Paperback 6X9, 106 pages, 29 illustrations. Amazon.com link; ISBN 9781941281420

  • The Young Cottager

    The Young CottagerThe Young Cottager by Legh Richmond.

    Jane Squibb, a twelve year old, attended Saturday afternoon instruction at Rev. Legh Richmond's house. He used the graves in the churchyard and the beauty of nature to teach the children about God. Jane was little noticed until she became sick, then Rev. Richmond decided to visit her constantly. Little Jane's spiritual maturity exhibited an affectionate seriousness and a knowledge of the Scriptures. "He not only called her as a child to show, by a similitude, what conversion means, but he also called her by his grace to be a vessel of mercy, and a living witness of that almighty power and love by which her own heart was turned to God."—Legh Richmond. This extended edition includes rich scenery descriptions and three illustrations. The appendix includes reports of two visits to the Isle of Wight years afterward, one by Dr. James Milnor, D. D.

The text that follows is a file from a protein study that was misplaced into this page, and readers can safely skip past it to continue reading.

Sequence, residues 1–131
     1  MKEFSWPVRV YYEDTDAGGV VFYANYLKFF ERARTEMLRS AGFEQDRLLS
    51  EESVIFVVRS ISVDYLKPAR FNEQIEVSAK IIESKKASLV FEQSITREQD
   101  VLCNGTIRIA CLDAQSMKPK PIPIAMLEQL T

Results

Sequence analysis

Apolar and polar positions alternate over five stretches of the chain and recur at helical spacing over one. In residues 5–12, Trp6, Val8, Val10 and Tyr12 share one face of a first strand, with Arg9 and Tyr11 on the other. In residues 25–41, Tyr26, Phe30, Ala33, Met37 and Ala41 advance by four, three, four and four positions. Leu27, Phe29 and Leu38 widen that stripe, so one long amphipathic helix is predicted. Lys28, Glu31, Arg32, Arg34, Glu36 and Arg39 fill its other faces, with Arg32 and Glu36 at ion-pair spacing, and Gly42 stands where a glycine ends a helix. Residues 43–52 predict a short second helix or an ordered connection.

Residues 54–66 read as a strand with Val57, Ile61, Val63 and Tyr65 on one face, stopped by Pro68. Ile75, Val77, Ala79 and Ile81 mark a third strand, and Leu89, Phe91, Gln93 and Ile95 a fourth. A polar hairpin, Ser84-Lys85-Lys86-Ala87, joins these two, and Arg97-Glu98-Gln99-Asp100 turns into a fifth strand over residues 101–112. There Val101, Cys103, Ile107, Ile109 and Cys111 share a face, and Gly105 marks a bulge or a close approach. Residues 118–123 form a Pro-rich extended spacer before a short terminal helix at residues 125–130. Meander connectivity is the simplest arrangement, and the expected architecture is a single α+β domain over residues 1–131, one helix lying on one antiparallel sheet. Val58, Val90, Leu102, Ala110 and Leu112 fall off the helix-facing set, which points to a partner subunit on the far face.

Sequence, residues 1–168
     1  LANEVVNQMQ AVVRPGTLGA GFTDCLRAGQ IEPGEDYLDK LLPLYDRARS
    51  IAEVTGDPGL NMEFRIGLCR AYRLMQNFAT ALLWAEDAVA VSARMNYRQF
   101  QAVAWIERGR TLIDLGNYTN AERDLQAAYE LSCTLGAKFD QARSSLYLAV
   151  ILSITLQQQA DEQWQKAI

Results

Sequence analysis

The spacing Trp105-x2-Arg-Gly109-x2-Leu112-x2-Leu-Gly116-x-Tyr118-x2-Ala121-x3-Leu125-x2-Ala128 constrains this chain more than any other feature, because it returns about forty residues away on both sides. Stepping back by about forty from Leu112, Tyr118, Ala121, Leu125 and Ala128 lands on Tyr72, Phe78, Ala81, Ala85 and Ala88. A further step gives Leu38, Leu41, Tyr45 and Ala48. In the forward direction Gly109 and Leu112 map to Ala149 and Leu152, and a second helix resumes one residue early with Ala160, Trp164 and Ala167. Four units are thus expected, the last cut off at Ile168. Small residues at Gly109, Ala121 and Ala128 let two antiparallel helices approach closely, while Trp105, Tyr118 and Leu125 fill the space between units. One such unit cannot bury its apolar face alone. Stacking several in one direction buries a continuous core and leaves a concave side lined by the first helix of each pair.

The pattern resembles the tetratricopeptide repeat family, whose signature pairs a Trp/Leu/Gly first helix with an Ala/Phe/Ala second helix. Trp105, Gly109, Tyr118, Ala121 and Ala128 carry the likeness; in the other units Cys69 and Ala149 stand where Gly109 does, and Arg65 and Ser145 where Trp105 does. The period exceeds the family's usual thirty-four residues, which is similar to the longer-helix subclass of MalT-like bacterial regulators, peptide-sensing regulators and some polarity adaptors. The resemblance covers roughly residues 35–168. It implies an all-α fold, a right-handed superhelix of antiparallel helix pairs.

Paperback 6x9, 100 pages. Amazon.com link; ISBN  9781935626244

  • Toils and Triumphs: Missionary Work in the World's Dark Places

    Toils and TriumphsToils and Triumphs: Missionary Work in the World's Dark Places by Harriett Warner Ellis.